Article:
Jovana Helms (16-FS-042)
The U.S. Department of Homeland Security reports that cyber attacks on the electric grid system are increasing in both frequency and sophistication. Such attacks come from a variety of different sources, including nation states and sub-national terrorist organizations. Concern over their ability to hack into power grid software and possibly disrupt the electrical supply system is growing because such an attack could be one of the quickest ways to disrupt the U.S. economy. Protecting our nation’s critical infrastructure from cyber, physical, and environmental hazards requires the ability to measure risk to that infrastructure and assess how that risk is impacted by mitigation actions. In an effort to reduce the risk to critical infrastructure from cyber attacks, the National Institute of Standards and Technology was charged to create a voluntary framework. This framework consists of standards and best practices to help critical infrastructure owners mitigate their risk. While useful, a best-practices- or compliance-based risk-mitigation approach has limitations. Without being able to quantitatively measure risk, it is not possible to defensibly prioritize security investments or evaluate trade-offs between security and functionality. We plan to explore the feasibility of a new approach for quantitatively measuring and monitoring cyber risks to the energy sector, beginning with the electrical utilities. A difficulty-based risk-assessment methodology has recently been developed to understand risk to nuclear weapons security from physical attacks. Rather than working forward through an event tree, this approach starts by defining consequence tiers of interest, creating a limited number of representative scenarios that could result in consequences in those tiers, and then assessing the difficulty of executing each scenario. It makes no assumptions about adversary capabilities or intent, and does not require the characterization of every potential scenario perturbation. We believe that the fundamental concepts from this approach can be leveraged to develop a quantitative risk-assessment methodology that would be applicable to cyber risks to energy infrastructure. We will focus on developing inverse models to analyze grid failures from a consequence-based perspective. If successful, this feasibility study will serve as an enabling capability for developing a quantitative methodology for critical infrastructure cyber risk assessment.
We intend to examine the feasibility for a new approach of quantitatively assessing the risk to the nation’s critical infrastructure from cyber and other threats. Traditional quantitative risk-assessment methodologies, such as the probabilistic risk-assessment approach used by the National Aeronautics and Space Administration and the Nuclear Regulatory Commission, define risk as the product of threat, vulnerability, and consequence. These approaches assume that the system is well-characterized and events can be treated probabilistically. The introduction of an intelligent adversary who does not necessarily behave in a predictable, probabilistic manner renders these assumptions invalid, severely limiting the utility of traditional risk-assessment methodologies in this area. To develop a difficulty-based methodology for quantifying cyber risk, we must have a clear understanding of the impacts on critical infrastructure that compromise national security and the critical failures that can cause them. We expect to leverage knowledge obtained through our collaboration with the California Energy System for the 21st Century and existing analysis performed by the North American Electric Reliability Corporation—the organization of U.S. electric grid operators based in Atlanta, Georgia—to define a prioritized set of undesired consequences. By leveraging Livermore's existing grid-modeling capabilities, we will then attempt to solve the inverse problem of identifying critical points of failure for a given consequence.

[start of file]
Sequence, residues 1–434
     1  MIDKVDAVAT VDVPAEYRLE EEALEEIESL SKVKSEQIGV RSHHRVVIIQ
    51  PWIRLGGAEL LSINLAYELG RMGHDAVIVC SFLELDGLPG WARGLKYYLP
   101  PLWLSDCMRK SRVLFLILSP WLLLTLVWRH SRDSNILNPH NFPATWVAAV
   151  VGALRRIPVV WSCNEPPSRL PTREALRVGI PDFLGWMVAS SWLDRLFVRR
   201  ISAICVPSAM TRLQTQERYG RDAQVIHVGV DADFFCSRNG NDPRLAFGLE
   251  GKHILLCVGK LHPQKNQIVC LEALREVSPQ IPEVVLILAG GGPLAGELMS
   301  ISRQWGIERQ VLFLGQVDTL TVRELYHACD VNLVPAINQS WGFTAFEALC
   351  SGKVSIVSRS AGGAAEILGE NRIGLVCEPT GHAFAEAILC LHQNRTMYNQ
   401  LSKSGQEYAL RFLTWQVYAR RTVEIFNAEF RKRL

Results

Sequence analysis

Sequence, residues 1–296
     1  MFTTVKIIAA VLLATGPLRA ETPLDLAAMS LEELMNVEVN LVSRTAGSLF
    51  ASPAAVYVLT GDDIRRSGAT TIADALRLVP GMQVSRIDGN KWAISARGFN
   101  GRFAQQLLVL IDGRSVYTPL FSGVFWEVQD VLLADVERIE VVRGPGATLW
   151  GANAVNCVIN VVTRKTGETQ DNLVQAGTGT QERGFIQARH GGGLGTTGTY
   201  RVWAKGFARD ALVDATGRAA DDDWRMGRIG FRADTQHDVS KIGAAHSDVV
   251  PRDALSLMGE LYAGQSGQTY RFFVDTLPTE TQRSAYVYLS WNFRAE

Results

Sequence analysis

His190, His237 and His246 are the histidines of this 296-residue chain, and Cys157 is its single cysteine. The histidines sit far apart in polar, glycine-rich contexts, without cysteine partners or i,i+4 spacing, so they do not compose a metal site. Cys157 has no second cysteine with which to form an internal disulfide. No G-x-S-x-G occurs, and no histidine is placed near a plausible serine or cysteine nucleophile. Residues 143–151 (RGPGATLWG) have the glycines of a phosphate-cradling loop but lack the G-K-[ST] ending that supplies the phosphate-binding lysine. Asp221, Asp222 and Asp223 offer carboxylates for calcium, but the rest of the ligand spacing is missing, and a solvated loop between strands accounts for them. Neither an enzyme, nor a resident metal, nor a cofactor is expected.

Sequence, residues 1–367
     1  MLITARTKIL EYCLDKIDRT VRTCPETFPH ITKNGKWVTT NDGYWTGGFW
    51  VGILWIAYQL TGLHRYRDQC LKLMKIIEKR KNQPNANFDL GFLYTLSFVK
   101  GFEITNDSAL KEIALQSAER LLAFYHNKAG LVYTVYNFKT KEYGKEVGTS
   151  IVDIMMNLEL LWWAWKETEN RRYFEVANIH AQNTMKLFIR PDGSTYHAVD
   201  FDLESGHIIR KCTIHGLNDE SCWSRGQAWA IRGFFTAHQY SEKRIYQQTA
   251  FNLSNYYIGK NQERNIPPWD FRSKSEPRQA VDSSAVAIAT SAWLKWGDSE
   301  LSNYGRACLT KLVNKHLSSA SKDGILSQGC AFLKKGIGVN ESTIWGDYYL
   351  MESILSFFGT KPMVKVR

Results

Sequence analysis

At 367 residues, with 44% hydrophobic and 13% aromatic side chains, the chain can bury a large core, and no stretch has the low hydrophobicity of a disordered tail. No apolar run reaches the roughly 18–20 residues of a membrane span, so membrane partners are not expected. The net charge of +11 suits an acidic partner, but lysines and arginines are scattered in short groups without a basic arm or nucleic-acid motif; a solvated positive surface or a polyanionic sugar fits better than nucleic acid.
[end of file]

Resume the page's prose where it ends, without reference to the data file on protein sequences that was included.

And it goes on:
This research supports the Laboratory’s energy and climate security strategic focus area by providing a fundamental capability to energy infrastructure security. Our work would enhance Livermore’s ability to articulate the value and impact of other work in the infrastructure security area and enable strategic engagement with federal agencies and industry. We will leverage Laboratory core competencies in cybersecurity, space, and intelligence as well as electric grid modeling and our understanding of threat assessment.
FY16 Accomplishments and Results
In FY16 we (1) completed extensive research on existing consequence analysis for the power grid; (2) evaluated requirements that the specified consequence description will need to include to serve as input to Livermore LDRD-developed GridDyn modeling (a new high-performance-computing, power-transmission-system simulator); (3) developed a workflow of how inverse modeling in GridDyn will be performed (see figure), and successfully defined the critical failure analysis as an inverse problem; and (4) selected two historical consequences, one severe and one of minor impact, to help characterize the consequence description that can be fed into the GridDyn model.